How does Tai Chi remove the common barriers to Physical Activity?

Tai Chi is an ancient movement art form that dates back several thousand years and has thousands of research studies supporting its value for health and wellness. Many people comment on how they were mesmerized by seeing a group of people in a city center park all moving so gracefully together. And, then commenting, that they never imagined they would be able to move the same way. However, in Inverness County, we have such a group, and it meets in 4 different locations, across 5 days of the week, and the participants make the movements flow and ebb with grace and technical finesse.

If we look at some of the barriers that people consider when considering exercise, how does Tai Chi compare? Let’s take a look…

“I don’t move very well, I need to get more mobile before I try a Tai Chi class.” If we all waited until we were good enough to try something new, we would never try anything at all. Tai Chi helps movement patterns to link and grow with strength and flexibility, it is the tool that will help people to be ready to try other exercise forms because the movement patterns will be healthy ones. If someone is looking at starting exercise, Tai Chi is the perfect launching off platform.

“I can’t stand for too long, so I don’t think I can join.” Tai Chi is about health recovery. It is the road to vitality and wellness. There is a seated form and a standing form, and in Inverness County we have the privilege of an instructor and students who can help anyone with doing seated alternatives, or with doing the complete seated form of the 108 Tai Chi set, the Sabre Set, and the Loh Kup Set. Seated or standing, the benefits of all the exercises are evident in just a few classes.

“I’m too busy to join a regular class, I could try it when I have time.” The advantages of taking a Tai Chi class is that is an exercise form that you can fit into your day, anytime, anywhere. You don’t need much space to do the foundation exercises, you don’t need any special equipment – even our sabres are lent out from the club, you only need a few minutes at a time to do an exercises – it might even be while you are waiting for the kettle to boil, or during commercials with a favorite television program. Once the movements are known, Tai Chi begins to flow through the body to assist with bending down to pick up boxes, assisting in strength and agility going up and down the stairs, supporting the back when vacuuming or washing the floors or shoveling snow, and helping to lift, twist and bend. Now movement is part of the every day and time is not an issue.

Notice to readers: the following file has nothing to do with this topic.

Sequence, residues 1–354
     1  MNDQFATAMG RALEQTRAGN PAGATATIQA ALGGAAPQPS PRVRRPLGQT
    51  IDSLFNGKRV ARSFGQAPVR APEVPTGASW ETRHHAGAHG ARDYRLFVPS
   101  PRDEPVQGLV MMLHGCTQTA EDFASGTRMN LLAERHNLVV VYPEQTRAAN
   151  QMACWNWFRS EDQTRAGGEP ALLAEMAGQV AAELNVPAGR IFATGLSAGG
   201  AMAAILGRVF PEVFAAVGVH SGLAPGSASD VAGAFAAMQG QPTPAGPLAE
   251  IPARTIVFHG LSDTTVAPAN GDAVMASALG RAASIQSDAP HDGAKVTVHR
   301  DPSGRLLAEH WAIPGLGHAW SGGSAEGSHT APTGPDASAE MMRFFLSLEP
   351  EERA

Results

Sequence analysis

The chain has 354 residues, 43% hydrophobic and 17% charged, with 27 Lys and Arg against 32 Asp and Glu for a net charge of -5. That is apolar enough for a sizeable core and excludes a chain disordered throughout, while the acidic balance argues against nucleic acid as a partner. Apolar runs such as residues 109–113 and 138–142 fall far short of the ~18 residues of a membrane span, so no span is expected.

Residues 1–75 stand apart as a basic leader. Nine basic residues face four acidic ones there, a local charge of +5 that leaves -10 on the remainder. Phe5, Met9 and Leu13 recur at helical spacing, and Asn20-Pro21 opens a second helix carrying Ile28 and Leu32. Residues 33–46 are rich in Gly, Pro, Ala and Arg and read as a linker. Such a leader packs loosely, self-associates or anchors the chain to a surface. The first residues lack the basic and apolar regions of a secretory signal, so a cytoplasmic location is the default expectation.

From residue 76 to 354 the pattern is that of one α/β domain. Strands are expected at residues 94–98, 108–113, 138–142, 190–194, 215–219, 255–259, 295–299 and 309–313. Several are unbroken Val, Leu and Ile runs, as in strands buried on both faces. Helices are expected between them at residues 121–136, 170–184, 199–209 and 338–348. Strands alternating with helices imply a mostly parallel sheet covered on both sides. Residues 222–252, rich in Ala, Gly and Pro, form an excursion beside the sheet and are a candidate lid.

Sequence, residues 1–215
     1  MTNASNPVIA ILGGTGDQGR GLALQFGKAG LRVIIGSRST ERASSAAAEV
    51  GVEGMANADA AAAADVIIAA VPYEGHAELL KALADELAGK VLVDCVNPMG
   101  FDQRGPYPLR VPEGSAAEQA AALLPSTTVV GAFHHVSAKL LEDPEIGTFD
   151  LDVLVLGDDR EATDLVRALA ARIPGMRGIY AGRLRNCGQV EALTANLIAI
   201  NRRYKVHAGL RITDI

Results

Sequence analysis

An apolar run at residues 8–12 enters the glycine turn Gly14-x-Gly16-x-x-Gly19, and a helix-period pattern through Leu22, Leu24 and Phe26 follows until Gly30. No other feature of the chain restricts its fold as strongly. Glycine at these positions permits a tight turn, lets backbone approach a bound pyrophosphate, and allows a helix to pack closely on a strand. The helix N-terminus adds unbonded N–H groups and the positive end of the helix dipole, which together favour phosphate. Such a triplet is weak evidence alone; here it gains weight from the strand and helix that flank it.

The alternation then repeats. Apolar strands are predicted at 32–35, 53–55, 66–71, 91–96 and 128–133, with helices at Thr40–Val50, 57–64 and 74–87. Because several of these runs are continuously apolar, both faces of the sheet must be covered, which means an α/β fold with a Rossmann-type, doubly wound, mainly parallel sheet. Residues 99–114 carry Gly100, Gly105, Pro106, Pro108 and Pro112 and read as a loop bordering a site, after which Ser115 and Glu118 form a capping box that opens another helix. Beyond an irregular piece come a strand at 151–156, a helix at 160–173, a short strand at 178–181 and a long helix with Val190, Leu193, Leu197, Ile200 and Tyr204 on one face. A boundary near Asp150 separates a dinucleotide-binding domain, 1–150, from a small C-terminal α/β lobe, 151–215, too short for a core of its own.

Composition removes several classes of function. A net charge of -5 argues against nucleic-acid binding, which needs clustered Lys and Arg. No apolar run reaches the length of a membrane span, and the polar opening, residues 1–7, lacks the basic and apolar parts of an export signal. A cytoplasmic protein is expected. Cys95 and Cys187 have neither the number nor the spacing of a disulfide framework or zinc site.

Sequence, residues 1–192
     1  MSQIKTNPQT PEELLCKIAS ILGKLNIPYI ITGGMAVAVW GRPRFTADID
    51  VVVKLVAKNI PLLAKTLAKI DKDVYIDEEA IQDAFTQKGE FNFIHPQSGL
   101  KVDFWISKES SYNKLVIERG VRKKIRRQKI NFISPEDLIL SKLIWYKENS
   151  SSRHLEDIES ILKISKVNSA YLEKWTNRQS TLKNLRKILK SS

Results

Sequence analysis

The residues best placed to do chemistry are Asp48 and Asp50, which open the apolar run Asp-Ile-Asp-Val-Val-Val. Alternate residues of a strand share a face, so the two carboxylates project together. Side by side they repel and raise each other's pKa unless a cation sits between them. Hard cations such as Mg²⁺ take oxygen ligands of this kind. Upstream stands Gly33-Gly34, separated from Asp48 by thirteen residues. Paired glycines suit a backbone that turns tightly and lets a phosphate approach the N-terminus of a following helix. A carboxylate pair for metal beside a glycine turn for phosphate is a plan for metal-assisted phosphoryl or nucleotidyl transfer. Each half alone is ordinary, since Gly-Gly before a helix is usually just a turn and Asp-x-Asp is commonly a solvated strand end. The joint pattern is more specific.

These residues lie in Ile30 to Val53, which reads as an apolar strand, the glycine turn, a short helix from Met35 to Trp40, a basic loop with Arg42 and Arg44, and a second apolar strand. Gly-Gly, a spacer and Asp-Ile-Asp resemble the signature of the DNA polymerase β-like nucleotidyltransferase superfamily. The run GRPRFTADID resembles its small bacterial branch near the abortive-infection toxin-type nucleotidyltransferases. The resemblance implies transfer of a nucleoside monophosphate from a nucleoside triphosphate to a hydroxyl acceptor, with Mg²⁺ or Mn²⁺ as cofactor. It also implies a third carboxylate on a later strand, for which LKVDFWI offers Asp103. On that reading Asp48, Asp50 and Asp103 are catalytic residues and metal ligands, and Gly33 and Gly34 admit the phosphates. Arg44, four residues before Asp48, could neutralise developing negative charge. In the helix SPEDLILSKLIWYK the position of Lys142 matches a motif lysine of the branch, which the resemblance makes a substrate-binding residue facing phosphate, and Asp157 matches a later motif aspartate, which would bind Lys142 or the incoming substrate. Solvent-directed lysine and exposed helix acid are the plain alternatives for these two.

“I can’t afford to take a class.” Master Moy Lin Shin wanted to make sure his style of Tai Chi was accessible to all. The Tai Chi Cape Breton group is organized as a club, membership is a donation of $45 every 4 months, and students can take one class a week or more with over 5 sessions a week, and several different classes offered during a session. That works out to just over $10 a month. For anyone unable to pay this amount, there are scholarships available as well. The instructor is a volunteer, and everyone is eager to see that the value of Tai Chi is accessible to all.

“I have terrible balance, exercise is very difficult for me.” As discussed above with the seated and standing forms, this is easily addressed. But, in addition, Tai Chi develops the movement patterns that support balance, centering, stability and the use of gravity. Instead of thinking one is losing a sense of balance, there is a shift in awareness and technique that supports the rootedness that brings confidence and agility to movement. Tai Chi is the tool for balance issues.

“I need something that gets the heart rate up, Tai Chi is too slow.” One of the wonderful qualities of Tai Chi is the ability to increase the flow of blood through the body, the openness of the airways to increase oxygen absorption, the free flow of lymph fluid through the body and especially through the center of the body. The heart muscle actually has a rest because of the movements in Tai Chi and how they assist the circulatory system. A cardiovascular workout is achieved in a relaxed and open state, rather than in a constricted and effort driven exercise like running or jogging. The other valuable gain from Tai Chi is a building and storage of energy. Participants leave class with more energy than they arrived with, and because of its relaxed quality, the effort is spread across the movements in a gentle manner that promotes energy storage, rather than energy expenditure. This thought process completely changes the way people think about health and wellness.

How can you become involved in Tai Chi in Inverness County? Join Tai Chi Cape Breton!

The first class is free to try and experience the movement.

Beginners are welcome anytime, and everyone works at their own pace and ability.

Mondays: Belle Cote Community Hall

10 – 12 pm (Tai Chi: seated and standing, Sabre and Loh Kup)

Tuesdays: Judique Community Hall

7 – 8:30 pm (Tai Chi: seated and standing, Sabre)

Thursdays: St Joseph’s Renewal Center, Mabou

7 – 8:30 pm (Tai Chi: seated and standing, Sabre)

Fridays: Belle Cote Community Hall

10 – 11 am (Practice Day – group driven)

Saturdays: Port Hawkesbury Civic Center Dance Studio

12 – 2:30 pm (Practice 12 – 12:30, Tai Chi 12:30 – 1:30, Sabre 1:30 – 2:00. Loh Kup 2:00 – 2:30).

Bi yearly workshops offered in Spring and Fall for further skill development.

You can find the full schedule on the calendar at:

www.invernesscountyhappenings.com & www.dancedebut.com

Michelle

info@dancedebut.com

902.945.2967

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